There’s a Succession of Suicides in India’s TV and Film Industry. It’s Now Tamil Actor VJ Chithra

Social Commentary

There’s a Succession of Suicides in India’s TV and Film Industry. It’s Now Tamil Actor VJ Chithra

Illustration: Robin Chakraborty

The year 2020 has been witness to multiple deaths by suicide by people from the entertainment industry. It has laid bare some of the faultlines in the work culture and social dynamics, that are seemingly hidden by all the glitz and glam.

The tragedy continues to pile on. In shocking news, 28-year-old Tamil TV actress VJ Chithra has died by suicide. Known for playing the role of Mullai in the popular show Pandian Stores, VJ Chithra was found hanging at a five-star hotel in Nazarethpettai in Chennai.

According to some news reports, VJ Chithra committed suicide as she was suffering from depression. In November, it was 53-year-old actor Asif Basra, who was found dead in his home in Mcleodganj in Dharamshala. TV actor and model Sameer Sharma, of Kahani Ghar Ghar Ki fame took his own life in Mumbai in early August. In the same month, Bhojpuri actress Anupama Pathak was found hanging in her residence, stating that she felt “cheated and couldn’t trust anyone”.

The suicide which shook the nation was that of Bollywood star Sushant Singh Rajput in June this year. A week before his death, his former manager Disha Salian had jumped from a high rise building in Mumbai. Around the same time, actor Ashutosh Bhakre, best known for his work in Marathi cinema, had allegedly committed suicide at his house in Nanded. Prior to that, TV actors Manmeet Grewal and Preksha Mehta had also allegedly taken their lives.

What is it about the entertainment industry that has led to a series of suicides over the past few months?

In a piece published in Outlook India, psychologist and professor Rajat Mitra narrated a conversation he had with an actor wherein the actor told him that he was “always trying to be someone else and not himself.” When pressed on why that was the case, he said it was the fame and recognition that came with it.

“I can’t go back now looking for that original me. Even though we are all false, it is our identity. The actor’s identity is too alluring. We are surrounded by people like us. None of your emotions are genuine. They are all plastic.” Then he had added, “You can leave it only through committing suicide or through psychotherapy.”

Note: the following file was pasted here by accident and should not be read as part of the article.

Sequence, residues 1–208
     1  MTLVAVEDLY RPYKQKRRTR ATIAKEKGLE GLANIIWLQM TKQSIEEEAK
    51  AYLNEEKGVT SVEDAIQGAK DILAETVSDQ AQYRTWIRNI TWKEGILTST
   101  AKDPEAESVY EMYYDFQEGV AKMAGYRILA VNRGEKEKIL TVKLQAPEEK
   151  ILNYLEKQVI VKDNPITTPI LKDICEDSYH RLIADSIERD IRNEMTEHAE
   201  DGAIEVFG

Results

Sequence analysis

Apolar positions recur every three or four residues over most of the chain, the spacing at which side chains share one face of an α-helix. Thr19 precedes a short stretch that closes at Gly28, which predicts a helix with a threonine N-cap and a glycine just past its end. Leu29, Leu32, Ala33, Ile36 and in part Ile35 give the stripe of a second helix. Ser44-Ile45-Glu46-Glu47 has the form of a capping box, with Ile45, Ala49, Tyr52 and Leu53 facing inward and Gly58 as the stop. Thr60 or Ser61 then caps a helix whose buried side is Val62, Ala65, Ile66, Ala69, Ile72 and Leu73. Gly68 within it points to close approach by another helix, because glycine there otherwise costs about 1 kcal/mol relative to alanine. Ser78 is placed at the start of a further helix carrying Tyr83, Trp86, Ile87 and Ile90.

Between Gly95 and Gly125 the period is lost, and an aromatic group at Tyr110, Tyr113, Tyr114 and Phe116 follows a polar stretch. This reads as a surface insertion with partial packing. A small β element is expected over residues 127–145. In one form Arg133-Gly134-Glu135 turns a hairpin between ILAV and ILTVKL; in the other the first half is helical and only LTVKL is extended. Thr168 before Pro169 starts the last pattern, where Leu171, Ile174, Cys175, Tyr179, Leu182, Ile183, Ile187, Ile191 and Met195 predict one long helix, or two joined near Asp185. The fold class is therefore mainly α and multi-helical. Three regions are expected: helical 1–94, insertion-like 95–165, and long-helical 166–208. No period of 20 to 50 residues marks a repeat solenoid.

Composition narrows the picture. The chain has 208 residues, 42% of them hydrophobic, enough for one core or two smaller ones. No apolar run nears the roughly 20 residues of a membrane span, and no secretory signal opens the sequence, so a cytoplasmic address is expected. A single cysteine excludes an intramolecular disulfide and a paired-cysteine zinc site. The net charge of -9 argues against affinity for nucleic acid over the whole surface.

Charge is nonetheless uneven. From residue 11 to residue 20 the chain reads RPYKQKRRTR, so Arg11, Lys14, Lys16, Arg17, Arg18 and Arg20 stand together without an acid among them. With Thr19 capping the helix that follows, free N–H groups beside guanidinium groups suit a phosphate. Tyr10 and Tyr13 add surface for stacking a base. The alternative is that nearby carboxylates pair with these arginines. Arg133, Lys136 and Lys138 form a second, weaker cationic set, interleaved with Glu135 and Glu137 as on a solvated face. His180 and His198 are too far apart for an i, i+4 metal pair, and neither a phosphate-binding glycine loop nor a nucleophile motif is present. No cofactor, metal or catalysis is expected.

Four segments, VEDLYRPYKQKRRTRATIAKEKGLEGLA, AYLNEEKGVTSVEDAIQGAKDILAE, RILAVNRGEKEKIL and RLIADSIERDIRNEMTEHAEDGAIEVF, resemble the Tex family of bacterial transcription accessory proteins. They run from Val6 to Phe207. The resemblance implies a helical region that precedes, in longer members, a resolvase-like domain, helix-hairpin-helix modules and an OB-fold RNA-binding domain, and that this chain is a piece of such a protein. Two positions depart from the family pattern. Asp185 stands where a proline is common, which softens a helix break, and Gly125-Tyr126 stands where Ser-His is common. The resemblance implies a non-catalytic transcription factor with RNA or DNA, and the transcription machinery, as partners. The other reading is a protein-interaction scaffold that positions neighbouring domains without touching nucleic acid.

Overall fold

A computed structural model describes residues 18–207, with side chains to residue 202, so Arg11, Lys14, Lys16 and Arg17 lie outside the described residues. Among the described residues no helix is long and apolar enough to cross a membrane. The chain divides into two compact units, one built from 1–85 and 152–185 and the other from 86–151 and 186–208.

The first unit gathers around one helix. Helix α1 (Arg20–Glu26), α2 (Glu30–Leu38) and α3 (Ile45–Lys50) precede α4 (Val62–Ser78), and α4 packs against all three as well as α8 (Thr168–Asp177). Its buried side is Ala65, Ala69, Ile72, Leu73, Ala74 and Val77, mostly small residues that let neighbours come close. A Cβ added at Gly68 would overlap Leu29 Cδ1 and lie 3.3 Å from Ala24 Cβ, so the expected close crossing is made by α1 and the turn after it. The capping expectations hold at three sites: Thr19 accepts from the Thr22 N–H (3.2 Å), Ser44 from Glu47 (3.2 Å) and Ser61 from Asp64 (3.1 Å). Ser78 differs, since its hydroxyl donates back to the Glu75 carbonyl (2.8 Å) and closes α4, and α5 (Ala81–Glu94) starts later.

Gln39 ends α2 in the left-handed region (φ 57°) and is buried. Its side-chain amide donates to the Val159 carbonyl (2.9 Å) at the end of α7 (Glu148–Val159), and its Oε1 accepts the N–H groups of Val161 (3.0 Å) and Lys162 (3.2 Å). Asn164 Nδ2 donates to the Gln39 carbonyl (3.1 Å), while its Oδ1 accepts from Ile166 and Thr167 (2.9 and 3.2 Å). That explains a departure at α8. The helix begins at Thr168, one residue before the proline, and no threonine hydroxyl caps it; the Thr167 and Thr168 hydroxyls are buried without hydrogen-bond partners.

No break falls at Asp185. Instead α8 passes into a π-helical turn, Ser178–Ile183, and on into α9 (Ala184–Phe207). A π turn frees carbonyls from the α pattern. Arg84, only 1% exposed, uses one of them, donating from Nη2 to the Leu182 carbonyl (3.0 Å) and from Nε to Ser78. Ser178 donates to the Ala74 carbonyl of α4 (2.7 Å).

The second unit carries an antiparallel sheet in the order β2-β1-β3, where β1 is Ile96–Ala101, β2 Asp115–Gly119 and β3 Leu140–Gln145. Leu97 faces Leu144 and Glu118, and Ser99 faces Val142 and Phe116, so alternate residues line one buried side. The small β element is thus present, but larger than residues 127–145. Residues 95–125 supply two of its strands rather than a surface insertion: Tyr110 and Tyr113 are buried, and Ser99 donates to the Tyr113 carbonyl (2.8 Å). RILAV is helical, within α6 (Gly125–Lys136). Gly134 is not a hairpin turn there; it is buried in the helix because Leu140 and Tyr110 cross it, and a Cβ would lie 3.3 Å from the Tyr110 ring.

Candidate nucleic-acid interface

When asked whether celebrities are more vulnerable to mental health issues, Dr Prakriti Poddar, in an interview to Times Now pointed out, “In the entertainment industry, there is a lot of pressure to perform, not only on-screen but off-screen too by making right friends, being in news in the right manner, and being in touch with the right people. We have lost too many young and promising people in the entertainment industry to mental health issues. There are sporadic attempts to create a healthy atmosphere for people in the industry to talk about what’s troubling them, but we are still struggling.”

In the aftermath of Sushant Singh’s death, actress Deepika Padukone, a vocal advocate for mental health, had a conversation with Dr Shyam Bhat, Physician and Psychiatrist. During the course of the conversation, Dr Bhat pointed out that “The person fails to see an alternative for their problem, feels lonely, helpless, isolated and anguished. The thought process is affected and the person cannot think of an alternative, as the person’s mind cannot think of anything and the person feels that ending life will stop the excruciating pain in their mind and lives that death seems like the only option.”

The entertainment industry needs to create a healthy working culture and remove the stigma around discussing mental health issues and seeking help. That would be a decent start to tackling this mental health pandemic.

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